What does copyright infringement have to do with terrorism?People downloading the newest installment of Star Wars (or buying bootleg DVDs) is hardly a threat to national security.
Actually I’m kind of wondering if it’s a threat to much of anything. Think about it: The people who grew up with the franchise are going to go see it in the theaters so they can see it on the big screen. I know I went and saw Episodes I and II in the theater twice each. I only go to the movies once every couple of months, so for someone like me to see both of those movies twice is something. Most people my age saw them a lot more than that.
My point is, the people who download Revenge of the Sith or buy an illegal DVD are going to see it in the theater anyway, and they’re probably going to see it a lot of times. And when the legitimate Episode III DVDs come out, they’re going to buy those two. And when the collector’s edition of the trilogy, and the extra-special collector’s edition of both trilogies come out, they’re the people most likely to buy those too. George Lucas is going to get plenty of opportunities to sell this movie thrice.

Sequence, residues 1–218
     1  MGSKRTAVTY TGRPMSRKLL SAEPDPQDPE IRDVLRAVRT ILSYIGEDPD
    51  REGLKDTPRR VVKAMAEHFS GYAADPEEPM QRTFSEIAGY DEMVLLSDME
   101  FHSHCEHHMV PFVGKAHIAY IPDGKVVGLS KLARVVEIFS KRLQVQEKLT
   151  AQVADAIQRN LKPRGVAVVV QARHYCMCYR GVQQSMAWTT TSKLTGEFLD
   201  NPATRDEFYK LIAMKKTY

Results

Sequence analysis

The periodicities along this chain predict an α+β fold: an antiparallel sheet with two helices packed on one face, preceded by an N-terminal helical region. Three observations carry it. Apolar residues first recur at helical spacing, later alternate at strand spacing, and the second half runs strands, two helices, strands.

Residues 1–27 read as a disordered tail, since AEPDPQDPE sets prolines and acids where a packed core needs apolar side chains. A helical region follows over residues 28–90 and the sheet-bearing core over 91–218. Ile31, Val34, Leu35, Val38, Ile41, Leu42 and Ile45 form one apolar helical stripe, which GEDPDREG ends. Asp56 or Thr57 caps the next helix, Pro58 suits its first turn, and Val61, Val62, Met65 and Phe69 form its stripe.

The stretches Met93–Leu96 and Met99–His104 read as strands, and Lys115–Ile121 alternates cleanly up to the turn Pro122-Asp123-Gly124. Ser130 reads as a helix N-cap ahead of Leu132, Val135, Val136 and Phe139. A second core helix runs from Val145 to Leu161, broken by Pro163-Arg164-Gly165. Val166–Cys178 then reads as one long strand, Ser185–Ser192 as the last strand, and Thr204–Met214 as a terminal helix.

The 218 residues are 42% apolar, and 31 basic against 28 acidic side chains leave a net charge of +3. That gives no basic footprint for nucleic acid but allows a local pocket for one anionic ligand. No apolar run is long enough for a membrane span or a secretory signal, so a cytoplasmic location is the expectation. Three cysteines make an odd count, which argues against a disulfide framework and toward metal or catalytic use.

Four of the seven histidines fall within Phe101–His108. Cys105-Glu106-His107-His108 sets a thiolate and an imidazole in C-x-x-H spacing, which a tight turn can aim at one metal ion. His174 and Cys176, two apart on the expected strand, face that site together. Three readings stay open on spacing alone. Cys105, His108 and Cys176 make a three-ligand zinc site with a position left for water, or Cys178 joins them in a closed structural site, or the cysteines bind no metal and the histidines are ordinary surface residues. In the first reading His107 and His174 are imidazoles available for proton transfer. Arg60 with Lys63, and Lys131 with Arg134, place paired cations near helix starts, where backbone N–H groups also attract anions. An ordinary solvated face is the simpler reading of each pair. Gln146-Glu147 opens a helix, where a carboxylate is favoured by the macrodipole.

I know it’s illegal. The ethics are questionable–I have a lot less problem with people copying it if they’re going to buy the legitimate copy anyway once it’s available. But is this going to cause measurable damage to a multi-billion-dollar franchise? No.
And the Department of Homeland Security’s involvement just makes it look more like Homeland Security is more about Big Brother than it is about stopping terrorists.
If Star Wars is a big enough crisis that it shows up on these guys’ radar, then that’s a sign to me that it’s time for the department to be rethinking its relevance. Nobody is going to die because somebody saw Star Wars without paying for it.
The government needs to get its priorities straight.